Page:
Monday, November 22, 2004

I'm beginning to see the problem...

Okay, I'll admit it: I've spent a lot of time with what I'd term the Third and fourth Generations of RPG's; namely the games that were popular during the gaming renaissance of the mid-90's.

For those of you playing at home, I break gaming into several different eras, based on what was readily available at the time. The first wave of games included the industry classics that have either survived until present day or have been re-invented -- Dungeons and Dragons, Gamma World, Call of C'thulhu, etc. The second wave corresponded roughly with the games that filled the landscape of the 80's and have largely vanished since then -- Star Frontiers, Villains & Vigilantes, Marvel Superheroes (the TSR version), DC Heroes (the Mayfair version), Traveller, Star Trek (the FASA version) and so on. The third wave (which may actually be able to be split into two parts, were I to do any research at all...) consisted of the games that hit in the late 80's and early 90's that tried to go in completely different directions than their predecessors. These included Star Wars (the WEG version), Paranoia, Vampire, Cyberpunk, 2nd Edition D&D, yadda yadda yadda. The fourth wave was what came in the wake of the gaming revitalization that was prompted by Magic, with games like Deadlands, All Flesh Must Be Eaten, Star Trek (the Last Unicorn one), 2nd Edition Vampire, Legend of the 5 Rings, and others. We're now in the fifth wave of gaming, which is marked primarily by the implosion of a lot of the gaming companies that prospered in the wake of Magic, only to be summarily killed off by the rise of D20. Sure, we have a number of interesting products, like Exalted and Decipher's Lord of the Rings RPG (not to be confused with ICE's tireless MERP), but by and large, everyone ended up trying to be yet another D&D supplement, which hastened their demise. I mean, Deadlands and 7th Sea were two of my favorite games since their inception, and I had to sit by and watch them wither away to nothing in the face of becoming D20-based games. As I noted before... Dungeons & Dragons is a great game... but not everything belongs in a dungeon, guys. Cowboys and pirates, just to pick a couple of examples...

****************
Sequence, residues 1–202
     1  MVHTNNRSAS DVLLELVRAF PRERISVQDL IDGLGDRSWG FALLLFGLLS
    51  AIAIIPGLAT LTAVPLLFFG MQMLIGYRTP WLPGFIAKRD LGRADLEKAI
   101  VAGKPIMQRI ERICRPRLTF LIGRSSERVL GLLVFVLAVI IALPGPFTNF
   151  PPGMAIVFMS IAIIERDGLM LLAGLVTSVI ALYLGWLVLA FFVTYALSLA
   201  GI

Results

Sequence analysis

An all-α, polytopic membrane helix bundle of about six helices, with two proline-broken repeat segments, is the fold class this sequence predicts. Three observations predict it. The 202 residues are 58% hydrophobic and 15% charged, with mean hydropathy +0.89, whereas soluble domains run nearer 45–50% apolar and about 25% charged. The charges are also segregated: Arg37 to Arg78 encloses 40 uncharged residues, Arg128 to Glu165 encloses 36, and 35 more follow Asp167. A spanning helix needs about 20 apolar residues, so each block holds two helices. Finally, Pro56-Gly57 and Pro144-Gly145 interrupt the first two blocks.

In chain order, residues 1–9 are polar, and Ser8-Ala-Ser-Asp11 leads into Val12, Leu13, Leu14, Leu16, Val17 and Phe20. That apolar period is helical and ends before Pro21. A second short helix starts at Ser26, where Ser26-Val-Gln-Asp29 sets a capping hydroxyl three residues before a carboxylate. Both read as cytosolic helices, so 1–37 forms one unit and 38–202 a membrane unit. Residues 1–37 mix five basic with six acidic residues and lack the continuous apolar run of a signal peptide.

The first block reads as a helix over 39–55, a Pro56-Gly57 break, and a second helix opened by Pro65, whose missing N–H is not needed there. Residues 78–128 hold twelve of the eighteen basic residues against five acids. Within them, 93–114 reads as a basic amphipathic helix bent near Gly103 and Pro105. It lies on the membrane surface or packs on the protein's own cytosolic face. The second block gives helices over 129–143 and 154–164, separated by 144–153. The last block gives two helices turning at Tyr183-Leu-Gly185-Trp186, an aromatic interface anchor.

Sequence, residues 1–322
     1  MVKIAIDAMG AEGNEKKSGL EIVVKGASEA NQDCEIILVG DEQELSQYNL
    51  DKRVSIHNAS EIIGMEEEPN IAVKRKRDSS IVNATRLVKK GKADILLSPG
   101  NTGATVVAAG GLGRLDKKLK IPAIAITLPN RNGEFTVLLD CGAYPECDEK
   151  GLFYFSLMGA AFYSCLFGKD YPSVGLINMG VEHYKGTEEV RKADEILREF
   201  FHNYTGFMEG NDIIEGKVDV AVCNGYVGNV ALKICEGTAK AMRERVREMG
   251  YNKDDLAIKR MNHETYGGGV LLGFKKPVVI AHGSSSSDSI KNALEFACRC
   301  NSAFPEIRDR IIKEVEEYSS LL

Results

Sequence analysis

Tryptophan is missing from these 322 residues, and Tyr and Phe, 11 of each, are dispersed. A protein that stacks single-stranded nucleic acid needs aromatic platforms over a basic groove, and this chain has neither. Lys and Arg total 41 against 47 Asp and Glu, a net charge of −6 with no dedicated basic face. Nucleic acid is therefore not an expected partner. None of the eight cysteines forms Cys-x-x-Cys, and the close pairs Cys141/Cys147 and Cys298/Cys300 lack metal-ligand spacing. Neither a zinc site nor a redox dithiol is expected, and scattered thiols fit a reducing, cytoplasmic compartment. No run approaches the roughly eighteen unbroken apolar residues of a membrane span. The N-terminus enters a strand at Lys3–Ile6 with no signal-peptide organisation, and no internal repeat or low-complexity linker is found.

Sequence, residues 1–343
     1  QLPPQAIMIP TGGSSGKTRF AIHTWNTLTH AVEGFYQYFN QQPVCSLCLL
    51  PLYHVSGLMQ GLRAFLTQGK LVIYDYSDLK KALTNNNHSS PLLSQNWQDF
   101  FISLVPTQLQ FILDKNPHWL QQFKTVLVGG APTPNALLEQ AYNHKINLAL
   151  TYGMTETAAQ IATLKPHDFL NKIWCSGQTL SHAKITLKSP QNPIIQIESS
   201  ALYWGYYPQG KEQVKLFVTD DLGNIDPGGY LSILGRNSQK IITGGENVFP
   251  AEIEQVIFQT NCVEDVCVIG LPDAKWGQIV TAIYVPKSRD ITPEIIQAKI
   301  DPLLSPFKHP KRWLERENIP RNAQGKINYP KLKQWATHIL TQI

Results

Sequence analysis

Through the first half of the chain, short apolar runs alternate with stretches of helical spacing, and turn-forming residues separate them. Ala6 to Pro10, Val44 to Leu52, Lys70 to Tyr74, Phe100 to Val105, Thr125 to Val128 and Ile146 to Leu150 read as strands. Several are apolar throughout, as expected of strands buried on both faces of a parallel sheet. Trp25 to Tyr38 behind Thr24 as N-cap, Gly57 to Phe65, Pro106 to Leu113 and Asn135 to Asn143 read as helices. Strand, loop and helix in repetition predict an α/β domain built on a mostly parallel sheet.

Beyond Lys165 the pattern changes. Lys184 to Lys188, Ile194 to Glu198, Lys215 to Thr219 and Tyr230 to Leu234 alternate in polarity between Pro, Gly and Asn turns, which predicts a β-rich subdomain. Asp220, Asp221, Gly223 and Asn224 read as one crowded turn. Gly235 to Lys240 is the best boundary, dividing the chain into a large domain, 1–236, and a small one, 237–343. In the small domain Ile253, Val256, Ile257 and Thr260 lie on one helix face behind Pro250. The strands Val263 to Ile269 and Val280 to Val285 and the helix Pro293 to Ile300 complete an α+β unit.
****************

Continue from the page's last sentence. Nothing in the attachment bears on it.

Anyway, back to my point. Okay, so I started back in the early 80's, when the stores were still selling the AD&D hardcovers with the pre-Easley art on the cover. And that's what I played throughout middle school and high school. But most of the games that I spent serious time with during my college days were things like the aforementioned Deadlands and 7th Sea. I played a hell of a lot of D6 Star Wars (somewhere in the area of eleven discrete campaigns, most of which I ran, and a number of basic one-shots that I don't need to really count in the total...), quite a bit of Torg, the occasional Werewolf and Star Trek (Last Unicorn) games, and even an ongoing Top Secret game that lives in infamy. There was a Cyberpunk campaign in there, along with some Bubblegum Crisis and Mekton, and so on. You get the drift. Sure, I played D&D here and there, depending on time allowances, but it wasn't the end-all and be-all like it had been back in the day... back when there really wasn't much else that was available.